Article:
Overhead overhaul

5 December 1999

Foundry cranes built in the 1920s have been updated for modern use. Wolfgang Reiter and Herbert Lehner report

When Steyr Commercial Vehicles decided to overhaul its 79 year old factory in Austria, three overhead cranes could well have ended up as museum pieces. Instead it was decided that the cranes, which date back to 1921, would be dismantled and completely overhauled in line with other technological improvements being made at the factory.

Steyr, a subsidiary of Munich-based MAN AG, converted its factory from a foundry for casting commercial vehicle engine blocks into a facility for constructing and testing commercial vehicle prototypes. In nine months the 4,000m2 factory has become one of the most modern development centres in Europe for this type of work, Steyr says.

R Stahl Ges.mbH Fördertechnik, the Austrian subsidiary of Germany’s R Stahl AG, was contracted to refurbish the three overhead cranes. The cranes, each with a 17m span, were dismantled from the crane runway and taken to R Stahl’s Steyregg works, 50km away.

A comprehensive eight-week renovation started with shotblasting and painting the three riveted steel lattice girders. As for mechanical components, there was life left in the end carriages, but the drives and gears had to be replaced. Drive shaft bearings were renewed and the runway wheels were re-bushed.

As part of the renovation the old crane cabins were dismantled, but not replaced. To keep the same layout of the cranes and the workshop, the bridge was covered with zinc plated gratings to replace the old wooden boards.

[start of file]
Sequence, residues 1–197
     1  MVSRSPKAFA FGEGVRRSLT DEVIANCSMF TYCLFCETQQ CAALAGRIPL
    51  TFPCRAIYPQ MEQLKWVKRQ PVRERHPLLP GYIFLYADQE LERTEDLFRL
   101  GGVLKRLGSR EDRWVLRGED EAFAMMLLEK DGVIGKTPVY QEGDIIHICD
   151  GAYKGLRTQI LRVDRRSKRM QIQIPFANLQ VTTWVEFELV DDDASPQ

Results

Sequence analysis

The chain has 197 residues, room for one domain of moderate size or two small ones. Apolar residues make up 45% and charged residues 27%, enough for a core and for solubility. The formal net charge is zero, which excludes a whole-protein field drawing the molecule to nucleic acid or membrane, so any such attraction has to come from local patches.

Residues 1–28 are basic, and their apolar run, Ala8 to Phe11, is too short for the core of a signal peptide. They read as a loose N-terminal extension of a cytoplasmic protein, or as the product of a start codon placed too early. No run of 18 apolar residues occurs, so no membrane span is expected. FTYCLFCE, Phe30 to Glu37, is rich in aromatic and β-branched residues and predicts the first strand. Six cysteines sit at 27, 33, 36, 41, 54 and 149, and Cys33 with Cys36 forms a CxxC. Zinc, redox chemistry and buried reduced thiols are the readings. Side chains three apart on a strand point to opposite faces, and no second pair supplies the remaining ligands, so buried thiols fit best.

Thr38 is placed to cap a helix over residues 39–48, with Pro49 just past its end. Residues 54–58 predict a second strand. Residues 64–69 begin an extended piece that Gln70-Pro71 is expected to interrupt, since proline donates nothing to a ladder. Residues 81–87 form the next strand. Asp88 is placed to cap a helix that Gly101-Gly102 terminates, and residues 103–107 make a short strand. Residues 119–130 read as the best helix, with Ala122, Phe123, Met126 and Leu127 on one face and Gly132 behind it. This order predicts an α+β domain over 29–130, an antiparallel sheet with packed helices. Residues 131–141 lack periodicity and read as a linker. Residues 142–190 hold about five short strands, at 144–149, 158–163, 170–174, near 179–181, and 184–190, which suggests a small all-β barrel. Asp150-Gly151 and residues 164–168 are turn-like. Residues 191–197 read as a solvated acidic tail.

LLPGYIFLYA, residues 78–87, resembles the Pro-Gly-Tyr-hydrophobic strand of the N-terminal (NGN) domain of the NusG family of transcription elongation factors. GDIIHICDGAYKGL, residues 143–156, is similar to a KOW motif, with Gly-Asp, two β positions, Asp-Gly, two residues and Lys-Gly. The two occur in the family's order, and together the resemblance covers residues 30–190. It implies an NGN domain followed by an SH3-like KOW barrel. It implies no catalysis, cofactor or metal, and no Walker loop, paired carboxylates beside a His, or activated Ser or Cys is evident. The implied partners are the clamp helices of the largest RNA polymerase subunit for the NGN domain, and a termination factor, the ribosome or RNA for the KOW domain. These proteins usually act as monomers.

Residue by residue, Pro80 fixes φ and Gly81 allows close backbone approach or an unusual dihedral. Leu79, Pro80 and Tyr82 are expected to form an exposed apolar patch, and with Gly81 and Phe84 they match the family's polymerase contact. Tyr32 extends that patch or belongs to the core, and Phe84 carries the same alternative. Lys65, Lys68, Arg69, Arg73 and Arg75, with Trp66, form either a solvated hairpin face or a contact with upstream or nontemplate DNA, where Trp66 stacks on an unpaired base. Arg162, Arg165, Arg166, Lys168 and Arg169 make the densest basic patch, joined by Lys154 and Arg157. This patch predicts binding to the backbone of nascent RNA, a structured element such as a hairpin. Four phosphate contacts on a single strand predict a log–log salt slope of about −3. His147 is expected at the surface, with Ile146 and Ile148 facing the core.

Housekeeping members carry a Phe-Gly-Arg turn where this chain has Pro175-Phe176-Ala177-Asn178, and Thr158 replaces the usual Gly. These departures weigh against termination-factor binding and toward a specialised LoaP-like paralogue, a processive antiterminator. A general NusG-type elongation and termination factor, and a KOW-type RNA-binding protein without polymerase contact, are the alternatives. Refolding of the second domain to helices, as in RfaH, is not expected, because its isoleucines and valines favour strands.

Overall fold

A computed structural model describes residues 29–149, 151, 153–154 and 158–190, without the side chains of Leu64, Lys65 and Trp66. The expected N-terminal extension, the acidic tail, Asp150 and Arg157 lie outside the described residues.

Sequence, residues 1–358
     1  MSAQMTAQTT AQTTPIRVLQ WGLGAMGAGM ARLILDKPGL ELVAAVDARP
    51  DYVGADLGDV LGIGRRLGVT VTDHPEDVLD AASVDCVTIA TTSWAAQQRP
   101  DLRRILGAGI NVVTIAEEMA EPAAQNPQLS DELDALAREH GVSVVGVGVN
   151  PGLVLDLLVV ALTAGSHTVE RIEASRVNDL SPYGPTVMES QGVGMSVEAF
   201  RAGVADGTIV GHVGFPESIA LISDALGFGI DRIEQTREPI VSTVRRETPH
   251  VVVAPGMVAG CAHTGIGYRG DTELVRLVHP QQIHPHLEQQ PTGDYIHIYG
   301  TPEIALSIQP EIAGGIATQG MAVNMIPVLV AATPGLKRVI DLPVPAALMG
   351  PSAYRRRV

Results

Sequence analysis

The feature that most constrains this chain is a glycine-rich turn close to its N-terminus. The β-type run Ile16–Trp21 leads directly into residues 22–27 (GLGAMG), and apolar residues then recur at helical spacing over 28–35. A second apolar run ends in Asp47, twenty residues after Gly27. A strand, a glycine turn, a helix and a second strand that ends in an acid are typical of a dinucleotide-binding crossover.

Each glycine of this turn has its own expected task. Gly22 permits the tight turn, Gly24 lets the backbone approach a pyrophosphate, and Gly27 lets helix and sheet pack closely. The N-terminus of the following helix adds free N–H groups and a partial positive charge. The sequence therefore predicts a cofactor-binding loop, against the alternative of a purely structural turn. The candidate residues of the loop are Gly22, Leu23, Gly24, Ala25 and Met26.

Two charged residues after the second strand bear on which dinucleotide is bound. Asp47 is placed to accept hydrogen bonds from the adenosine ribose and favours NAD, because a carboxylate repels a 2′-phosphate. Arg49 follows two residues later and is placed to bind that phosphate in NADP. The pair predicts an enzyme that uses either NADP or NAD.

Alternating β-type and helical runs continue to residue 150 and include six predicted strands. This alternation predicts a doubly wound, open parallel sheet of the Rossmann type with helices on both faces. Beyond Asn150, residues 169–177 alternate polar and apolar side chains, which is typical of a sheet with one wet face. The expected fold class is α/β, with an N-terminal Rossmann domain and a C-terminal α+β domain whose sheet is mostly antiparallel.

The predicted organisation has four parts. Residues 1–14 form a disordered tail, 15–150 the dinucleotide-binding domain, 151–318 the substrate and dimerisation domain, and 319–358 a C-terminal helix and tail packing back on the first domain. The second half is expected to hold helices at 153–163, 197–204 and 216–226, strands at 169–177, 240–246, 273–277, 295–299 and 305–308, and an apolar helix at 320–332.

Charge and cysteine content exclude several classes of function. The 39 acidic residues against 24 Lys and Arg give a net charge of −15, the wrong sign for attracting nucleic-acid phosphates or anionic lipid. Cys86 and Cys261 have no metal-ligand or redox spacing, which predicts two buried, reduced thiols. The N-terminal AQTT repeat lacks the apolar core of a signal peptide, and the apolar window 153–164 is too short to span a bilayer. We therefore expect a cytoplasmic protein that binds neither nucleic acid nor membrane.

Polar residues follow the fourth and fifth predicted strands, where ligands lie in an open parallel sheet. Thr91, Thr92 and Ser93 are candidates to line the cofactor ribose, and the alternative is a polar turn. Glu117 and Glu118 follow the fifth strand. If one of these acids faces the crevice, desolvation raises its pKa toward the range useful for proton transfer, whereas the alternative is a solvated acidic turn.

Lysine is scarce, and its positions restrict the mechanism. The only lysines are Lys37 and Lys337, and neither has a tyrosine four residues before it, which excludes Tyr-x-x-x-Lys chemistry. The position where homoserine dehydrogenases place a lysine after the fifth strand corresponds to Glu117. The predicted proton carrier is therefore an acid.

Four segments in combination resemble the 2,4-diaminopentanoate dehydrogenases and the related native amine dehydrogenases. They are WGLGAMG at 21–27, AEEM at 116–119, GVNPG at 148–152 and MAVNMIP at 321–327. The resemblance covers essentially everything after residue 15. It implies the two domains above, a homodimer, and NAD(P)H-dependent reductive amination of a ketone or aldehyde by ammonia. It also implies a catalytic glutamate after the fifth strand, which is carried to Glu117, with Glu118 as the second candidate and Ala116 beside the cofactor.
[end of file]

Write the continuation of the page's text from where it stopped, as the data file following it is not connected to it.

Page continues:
Two of the cranes were fitted with push-button pendant controls, which are able to travel easily along the length of the crane runway. The third overhead crane was fitted with an HBC remote control because of the layout of the vehicle workshop.

The double rail crab or trolley was completely reworked and was equipped with new R Stahl wire rope hoists, (model SH3008-20 4/1 L3) from the SH range, introduced last year. The 3.2t capacity hoists operate at a speed of 5/0.8m/min. All motors have contactor control, and frequency regulated drives.

While the crane builder restored the fixed frame, the crane runways (between 43m and 49m long) were rearranged. The most important part of this was to renovate the lateral wear on the rail head, clean the runway and apply a surface protector. Before being fixed to the runway, the cranes were tested and reinstalled, using a mobile crane to put them back up on the 8m-high runways.

It was a very challenging project made more so by the need to remove and replace the cranes without damaging them or the surrounding building.